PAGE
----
Looking through some old notes, in preparation for reading/judging entries in a contest, I happened upon a list of "Fatal Errors in Mystery Writing:
1) Use of coincidence. If you must use one, put it in at the start of the story and don't make it vital to the solution.
2) You must reveal clues to the reader as the sleuth discovers them.
3) Don't make your readers ask:
Why didn't she just go to the police?
Why did he go alone into the abandoned warehouse (or whatever) to confront the villain?
Why did he stick around?
4) Have only one viewpoint per scene in a novel. Short stories often do best with just one point of view (maintained consistently throughout)
5) Information dumps.
To this list I would add "flat characters."
Another item that provided me with food for thought came from an unexpected source, O Magazine, July 2009. In it I found an article by Michael Cunningham, author of The Hours and other novels. The title: "A writer should always feel as if he's in over his head."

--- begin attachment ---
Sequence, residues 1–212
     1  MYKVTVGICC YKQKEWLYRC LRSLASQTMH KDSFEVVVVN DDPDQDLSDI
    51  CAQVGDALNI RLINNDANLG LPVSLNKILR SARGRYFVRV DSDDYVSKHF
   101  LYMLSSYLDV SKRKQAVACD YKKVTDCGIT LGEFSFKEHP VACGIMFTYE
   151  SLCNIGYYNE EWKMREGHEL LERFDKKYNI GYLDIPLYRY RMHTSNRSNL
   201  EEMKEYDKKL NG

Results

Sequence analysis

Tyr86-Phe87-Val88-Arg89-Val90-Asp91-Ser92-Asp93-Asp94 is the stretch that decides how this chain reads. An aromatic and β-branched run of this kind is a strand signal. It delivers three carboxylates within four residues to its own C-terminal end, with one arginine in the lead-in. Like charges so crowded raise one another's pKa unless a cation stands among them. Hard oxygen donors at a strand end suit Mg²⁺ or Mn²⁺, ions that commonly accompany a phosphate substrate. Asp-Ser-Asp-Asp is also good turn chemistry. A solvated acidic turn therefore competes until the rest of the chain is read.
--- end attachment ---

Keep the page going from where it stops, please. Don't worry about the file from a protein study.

Cunningham asks, rhetorically, why writers are such complainers, seeing as they're not the only people who work for limited rewards and little recognition. Then he answers his question by citing a personal experience. Someone came up to him and said he had a great story and would like to work with him. The stranger offered to provide the plot while Cunningham supplied the descriptions, characters, dialogue and settings. He implied that he was asking Cunningham to do the easy stuff.
There is a widespread belief, wrote Cunningham, that anyone can write a novel. Why? Because many authors are so good at their craft that their achievements seem effortless.
As well, many people assume that the characters and events in a work of fiction are to some extent autobiographical, and that all the writer has to do is remember the past and slap the memories down on paper.
Although writers are irritated by the prevailing attitude toward their profession, they are "also happy in unmistakeable ways some of the time," concludes Cunningham